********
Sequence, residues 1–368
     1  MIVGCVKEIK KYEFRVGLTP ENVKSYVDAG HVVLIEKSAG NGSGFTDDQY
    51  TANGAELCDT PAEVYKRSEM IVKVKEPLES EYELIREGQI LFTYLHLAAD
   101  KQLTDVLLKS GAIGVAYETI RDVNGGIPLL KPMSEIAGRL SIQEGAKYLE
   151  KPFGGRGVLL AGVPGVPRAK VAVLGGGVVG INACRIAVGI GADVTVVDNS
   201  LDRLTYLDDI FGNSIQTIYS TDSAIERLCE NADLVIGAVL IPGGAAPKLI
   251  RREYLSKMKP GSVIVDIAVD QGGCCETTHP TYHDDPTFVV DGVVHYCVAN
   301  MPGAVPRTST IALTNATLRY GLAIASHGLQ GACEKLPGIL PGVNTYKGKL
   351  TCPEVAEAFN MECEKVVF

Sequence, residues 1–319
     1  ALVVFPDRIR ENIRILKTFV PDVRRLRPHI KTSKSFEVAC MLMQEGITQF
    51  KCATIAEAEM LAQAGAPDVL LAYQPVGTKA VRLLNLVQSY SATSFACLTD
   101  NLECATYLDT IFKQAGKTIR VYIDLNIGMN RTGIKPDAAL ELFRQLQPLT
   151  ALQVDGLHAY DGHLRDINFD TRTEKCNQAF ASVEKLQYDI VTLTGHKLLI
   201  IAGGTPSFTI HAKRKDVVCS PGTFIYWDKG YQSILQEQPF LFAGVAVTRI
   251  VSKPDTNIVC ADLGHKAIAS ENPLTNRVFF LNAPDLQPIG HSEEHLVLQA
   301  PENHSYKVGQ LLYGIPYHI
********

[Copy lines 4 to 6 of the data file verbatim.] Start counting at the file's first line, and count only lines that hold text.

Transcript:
   101  KQLTDVLLKS GAIGVAYETI RDVNGGIPLL KPMSEIAGRL SIQEGAKYLE
   151  KPFGGRGVLL AGVPGVPRAK VAVLGGGVVG INACRIAVGI GADVTVVDNS
   201  LDRLTYLDDI FGNSIQTIYS TDSAIERLCE NADLVIGAVL IPGGAAPKLI